When we think about lunging training for our horses, the first thing that comes to mind is usually that our horse is going on a circle and we, or a trainer, are standing in the middle of that circle. We make the horse move with the whip, but what are we doing with our body?
Horses are naturally herd-bound animals. When they are in the wild, there is an alpha mare who leads the herd. The herd learns that wherever she goes, they will follow and be safe. This is the position we want to be in with our horses. We want them to know that when they follow us at their own will, they will be safe.
We’ll start teaching your horse to respond to your body language by practicing with stopping the horse at a walk. Think about what auditory cue you want to give your horse. It’s important to pair an auditory cue with your body language so that your horse knows what’s expected of him.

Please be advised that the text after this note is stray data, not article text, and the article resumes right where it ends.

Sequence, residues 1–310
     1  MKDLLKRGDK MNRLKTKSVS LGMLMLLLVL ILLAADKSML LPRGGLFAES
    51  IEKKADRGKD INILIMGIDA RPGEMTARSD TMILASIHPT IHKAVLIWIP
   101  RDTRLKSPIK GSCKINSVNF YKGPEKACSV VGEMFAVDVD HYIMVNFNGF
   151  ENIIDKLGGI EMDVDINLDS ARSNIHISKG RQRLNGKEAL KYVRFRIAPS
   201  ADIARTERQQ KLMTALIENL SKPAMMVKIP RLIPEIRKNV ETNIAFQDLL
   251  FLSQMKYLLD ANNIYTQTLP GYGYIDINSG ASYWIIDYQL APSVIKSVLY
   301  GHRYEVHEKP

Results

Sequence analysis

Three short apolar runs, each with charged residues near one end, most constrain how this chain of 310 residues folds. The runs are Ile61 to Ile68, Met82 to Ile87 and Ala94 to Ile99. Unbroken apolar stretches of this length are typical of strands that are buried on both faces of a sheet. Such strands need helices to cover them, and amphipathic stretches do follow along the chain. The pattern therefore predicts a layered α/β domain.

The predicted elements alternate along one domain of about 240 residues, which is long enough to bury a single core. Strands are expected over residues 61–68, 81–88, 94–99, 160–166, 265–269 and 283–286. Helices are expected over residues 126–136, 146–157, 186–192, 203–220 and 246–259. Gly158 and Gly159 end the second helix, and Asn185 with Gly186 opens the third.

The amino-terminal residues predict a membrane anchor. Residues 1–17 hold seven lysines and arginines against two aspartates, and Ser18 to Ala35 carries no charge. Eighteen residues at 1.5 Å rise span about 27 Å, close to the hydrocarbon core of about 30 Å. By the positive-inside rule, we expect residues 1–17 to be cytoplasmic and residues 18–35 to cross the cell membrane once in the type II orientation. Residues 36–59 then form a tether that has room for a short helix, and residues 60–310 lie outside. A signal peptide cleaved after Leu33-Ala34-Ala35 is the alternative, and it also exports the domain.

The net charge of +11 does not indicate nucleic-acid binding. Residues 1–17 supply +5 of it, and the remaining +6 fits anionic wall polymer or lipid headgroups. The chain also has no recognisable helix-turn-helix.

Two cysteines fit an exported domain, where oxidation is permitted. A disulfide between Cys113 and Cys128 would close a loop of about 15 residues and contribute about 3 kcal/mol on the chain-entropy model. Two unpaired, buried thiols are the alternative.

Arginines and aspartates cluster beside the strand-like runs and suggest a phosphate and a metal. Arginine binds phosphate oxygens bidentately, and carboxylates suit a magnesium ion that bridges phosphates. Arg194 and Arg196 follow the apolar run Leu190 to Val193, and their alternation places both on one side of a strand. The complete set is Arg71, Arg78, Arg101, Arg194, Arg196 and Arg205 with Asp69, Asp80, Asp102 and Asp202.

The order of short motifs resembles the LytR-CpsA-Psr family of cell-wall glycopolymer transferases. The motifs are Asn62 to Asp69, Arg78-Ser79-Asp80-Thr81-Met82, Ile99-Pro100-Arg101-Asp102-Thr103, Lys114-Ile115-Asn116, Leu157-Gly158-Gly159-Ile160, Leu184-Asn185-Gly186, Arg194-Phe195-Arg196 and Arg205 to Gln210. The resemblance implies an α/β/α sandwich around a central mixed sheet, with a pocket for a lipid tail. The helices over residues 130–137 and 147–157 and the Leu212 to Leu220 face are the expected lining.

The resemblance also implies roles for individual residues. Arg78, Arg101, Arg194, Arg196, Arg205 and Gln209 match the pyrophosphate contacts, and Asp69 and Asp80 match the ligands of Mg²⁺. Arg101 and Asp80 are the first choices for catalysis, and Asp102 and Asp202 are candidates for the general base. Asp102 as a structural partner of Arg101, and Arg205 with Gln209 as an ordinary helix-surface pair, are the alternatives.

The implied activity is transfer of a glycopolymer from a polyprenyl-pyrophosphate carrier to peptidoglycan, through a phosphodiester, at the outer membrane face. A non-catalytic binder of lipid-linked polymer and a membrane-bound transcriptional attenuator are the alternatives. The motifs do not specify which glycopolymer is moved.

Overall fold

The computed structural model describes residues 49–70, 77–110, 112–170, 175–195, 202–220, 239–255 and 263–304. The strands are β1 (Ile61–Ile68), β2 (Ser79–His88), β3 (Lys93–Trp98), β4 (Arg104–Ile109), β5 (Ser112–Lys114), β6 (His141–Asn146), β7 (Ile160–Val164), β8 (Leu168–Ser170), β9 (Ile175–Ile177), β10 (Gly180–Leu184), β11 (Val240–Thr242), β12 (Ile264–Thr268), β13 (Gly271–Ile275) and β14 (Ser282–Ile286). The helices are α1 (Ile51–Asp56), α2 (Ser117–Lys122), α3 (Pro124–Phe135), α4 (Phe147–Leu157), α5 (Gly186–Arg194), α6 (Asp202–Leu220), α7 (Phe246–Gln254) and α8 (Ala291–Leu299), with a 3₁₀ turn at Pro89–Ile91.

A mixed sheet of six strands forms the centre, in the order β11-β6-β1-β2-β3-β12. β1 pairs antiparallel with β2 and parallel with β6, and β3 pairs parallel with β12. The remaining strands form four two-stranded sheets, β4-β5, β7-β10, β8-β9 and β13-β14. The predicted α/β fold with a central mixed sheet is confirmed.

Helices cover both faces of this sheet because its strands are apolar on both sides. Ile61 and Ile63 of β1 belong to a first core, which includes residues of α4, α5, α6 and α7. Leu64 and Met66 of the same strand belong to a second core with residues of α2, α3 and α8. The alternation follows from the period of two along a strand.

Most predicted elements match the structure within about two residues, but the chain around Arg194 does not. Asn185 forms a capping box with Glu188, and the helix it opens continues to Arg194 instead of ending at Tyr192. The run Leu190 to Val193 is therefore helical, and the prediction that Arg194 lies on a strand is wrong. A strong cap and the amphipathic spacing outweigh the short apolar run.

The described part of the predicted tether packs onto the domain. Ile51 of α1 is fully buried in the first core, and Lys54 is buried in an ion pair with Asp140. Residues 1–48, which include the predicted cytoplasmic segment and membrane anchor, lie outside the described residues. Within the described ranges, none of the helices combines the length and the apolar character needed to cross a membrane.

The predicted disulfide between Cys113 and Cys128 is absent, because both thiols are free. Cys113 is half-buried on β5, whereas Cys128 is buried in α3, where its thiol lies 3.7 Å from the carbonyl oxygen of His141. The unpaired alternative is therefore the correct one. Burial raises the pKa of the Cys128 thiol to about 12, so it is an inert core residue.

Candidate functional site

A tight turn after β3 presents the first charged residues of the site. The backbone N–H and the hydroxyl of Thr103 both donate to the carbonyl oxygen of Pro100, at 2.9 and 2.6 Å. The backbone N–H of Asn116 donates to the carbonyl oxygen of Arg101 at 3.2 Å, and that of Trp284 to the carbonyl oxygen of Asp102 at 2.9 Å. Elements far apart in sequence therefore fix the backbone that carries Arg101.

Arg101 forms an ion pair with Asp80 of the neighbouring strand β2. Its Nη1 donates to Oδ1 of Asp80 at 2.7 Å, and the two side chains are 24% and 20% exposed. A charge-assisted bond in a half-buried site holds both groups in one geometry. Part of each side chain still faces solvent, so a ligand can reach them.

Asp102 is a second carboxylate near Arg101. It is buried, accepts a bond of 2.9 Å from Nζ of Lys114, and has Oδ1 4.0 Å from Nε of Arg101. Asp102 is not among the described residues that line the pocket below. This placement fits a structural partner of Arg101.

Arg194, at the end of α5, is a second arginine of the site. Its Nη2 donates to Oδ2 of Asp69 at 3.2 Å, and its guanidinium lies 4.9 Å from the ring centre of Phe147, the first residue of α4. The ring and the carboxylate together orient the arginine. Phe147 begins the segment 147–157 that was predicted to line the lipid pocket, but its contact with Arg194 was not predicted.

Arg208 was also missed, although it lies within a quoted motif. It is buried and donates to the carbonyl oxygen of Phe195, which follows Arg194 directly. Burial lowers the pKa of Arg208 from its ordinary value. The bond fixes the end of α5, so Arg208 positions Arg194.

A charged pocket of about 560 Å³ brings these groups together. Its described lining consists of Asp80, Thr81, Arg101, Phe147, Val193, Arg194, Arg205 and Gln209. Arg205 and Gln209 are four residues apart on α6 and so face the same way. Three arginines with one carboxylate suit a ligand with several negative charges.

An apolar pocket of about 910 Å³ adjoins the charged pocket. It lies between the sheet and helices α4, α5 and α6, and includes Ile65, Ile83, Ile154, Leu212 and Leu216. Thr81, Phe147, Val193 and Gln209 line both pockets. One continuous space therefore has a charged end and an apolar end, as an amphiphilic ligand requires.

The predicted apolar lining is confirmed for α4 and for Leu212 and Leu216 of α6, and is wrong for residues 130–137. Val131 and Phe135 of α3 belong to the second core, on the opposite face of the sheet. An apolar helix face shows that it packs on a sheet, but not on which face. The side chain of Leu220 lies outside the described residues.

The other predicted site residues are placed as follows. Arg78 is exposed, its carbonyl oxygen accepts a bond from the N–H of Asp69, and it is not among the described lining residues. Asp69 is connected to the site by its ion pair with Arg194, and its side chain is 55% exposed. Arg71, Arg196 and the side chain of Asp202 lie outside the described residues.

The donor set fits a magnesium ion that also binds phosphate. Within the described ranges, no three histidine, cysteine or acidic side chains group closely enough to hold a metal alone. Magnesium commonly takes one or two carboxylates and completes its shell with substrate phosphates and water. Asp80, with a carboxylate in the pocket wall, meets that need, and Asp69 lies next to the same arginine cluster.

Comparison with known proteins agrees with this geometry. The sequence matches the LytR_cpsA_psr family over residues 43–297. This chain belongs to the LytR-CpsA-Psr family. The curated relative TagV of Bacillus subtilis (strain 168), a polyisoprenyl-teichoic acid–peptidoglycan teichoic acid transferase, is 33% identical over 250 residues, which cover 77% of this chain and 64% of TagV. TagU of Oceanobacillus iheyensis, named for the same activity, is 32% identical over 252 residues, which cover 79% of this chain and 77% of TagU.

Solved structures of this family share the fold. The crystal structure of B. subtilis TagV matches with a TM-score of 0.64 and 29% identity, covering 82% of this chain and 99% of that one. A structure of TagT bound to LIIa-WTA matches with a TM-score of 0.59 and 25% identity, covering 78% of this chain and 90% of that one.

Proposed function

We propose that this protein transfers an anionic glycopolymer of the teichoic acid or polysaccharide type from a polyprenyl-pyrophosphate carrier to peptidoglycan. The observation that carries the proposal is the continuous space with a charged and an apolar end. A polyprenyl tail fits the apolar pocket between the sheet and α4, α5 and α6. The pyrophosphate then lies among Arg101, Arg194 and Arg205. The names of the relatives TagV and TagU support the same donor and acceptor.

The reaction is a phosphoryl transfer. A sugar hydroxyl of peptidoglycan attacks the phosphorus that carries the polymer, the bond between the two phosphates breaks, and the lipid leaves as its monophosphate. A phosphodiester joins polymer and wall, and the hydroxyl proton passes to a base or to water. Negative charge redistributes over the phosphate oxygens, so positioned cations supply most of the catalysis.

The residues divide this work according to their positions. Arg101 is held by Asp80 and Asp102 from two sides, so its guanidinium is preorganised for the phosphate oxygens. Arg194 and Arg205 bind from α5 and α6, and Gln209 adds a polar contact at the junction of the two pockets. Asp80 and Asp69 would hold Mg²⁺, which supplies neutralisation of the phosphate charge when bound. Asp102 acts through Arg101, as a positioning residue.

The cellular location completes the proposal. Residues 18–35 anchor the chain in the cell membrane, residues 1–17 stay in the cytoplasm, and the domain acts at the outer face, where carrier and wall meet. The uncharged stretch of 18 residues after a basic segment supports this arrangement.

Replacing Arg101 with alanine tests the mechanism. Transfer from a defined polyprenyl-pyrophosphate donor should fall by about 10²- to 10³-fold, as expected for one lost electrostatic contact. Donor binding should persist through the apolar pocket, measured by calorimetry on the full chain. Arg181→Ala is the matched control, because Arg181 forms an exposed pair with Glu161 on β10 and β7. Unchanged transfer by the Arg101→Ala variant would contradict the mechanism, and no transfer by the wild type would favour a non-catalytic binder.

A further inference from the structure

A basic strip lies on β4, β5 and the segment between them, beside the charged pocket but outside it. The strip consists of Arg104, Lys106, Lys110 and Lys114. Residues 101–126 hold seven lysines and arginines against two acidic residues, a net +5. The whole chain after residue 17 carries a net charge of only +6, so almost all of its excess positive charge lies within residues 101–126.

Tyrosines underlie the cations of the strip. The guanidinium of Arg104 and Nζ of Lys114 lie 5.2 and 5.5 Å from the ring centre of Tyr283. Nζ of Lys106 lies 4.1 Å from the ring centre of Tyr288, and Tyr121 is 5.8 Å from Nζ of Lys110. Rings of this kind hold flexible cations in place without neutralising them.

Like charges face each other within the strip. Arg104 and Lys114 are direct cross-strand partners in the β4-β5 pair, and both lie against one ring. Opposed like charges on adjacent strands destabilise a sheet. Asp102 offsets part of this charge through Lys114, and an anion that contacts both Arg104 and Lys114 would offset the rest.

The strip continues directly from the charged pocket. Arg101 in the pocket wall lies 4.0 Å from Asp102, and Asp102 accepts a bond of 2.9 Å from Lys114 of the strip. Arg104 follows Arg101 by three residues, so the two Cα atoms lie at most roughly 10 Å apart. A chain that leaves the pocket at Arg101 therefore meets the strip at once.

You can carry a short whip to help teach your horse. Start by having your horse in a halter. We prefer a rope halter so that you can clearly establish cues with your horse. You can attach a lead rope as well. Stand beside your horse and ask them to walk. After a few steps, stop and plant your feet. How does your horse respond? Does he walk on a couple steps, continue walking, or slow down? If he continues walking without any notice to you stopping, give the halter a halt until he stops.
If he slows down as you stop, reward him with a pat or praise! This is the action that you want. Remember to use your auditory cue as you stop your feet. Try walking him and stopping your feet again, and as you stop, turn your body towards your horse, closing your outside shoulder. We are now incorporating your body language and your movement as you ask your horse to stop his feet, too.
You can keep walking and stopping with your horse until you feel that he understands this. When you start your lunging training, you will be able to use this to cue your horse on the lunge line.